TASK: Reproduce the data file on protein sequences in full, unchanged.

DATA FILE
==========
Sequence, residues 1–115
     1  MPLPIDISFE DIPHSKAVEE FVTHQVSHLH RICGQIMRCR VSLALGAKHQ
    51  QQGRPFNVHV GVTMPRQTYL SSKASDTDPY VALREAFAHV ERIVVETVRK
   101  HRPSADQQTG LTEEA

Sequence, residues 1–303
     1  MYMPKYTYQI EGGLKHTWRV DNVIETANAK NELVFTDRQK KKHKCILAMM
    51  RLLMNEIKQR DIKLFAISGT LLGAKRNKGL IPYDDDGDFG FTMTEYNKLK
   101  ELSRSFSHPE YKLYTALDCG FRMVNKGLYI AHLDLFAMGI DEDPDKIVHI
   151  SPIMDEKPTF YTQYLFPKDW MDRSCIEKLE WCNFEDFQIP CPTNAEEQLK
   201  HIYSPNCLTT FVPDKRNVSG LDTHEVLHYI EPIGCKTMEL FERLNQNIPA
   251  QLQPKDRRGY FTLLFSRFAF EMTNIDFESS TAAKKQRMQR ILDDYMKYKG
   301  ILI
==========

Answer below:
Sequence, residues 1–115
     1  MPLPIDISFE DIPHSKAVEE FVTHQVSHLH RICGQIMRCR VSLALGAKHQ
    51  QQGRPFNVHV GVTMPRQTYL SSKASDTDPY VALREAFAHV ERIVVETVRK
   101  HRPSADQQTG LTEEA

Sequence, residues 1–303
     1  MYMPKYTYQI EGGLKHTWRV DNVIETANAK NELVFTDRQK KKHKCILAMM
    51  RLLMNEIKQR DIKLFAISGT LLGAKRNKGL IPYDDDGDFG FTMTEYNKLK
   101  ELSRSFSHPE YKLYTALDCG FRMVNKGLYI AHLDLFAMGI DEDPDKIVHI
   151  SPIMDEKPTF YTQYLFPKDW MDRSCIEKLE WCNFEDFQIP CPTNAEEQLK
   201  HIYSPNCLTT FVPDKRNVSG LDTHEVLHYI EPIGCKTMEL FERLNQNIPA
   251  QLQPKDRRGY FTLLFSRFAF EMTNIDFESS TAAKKQRMQR ILDDYMKYKG
   301  ILI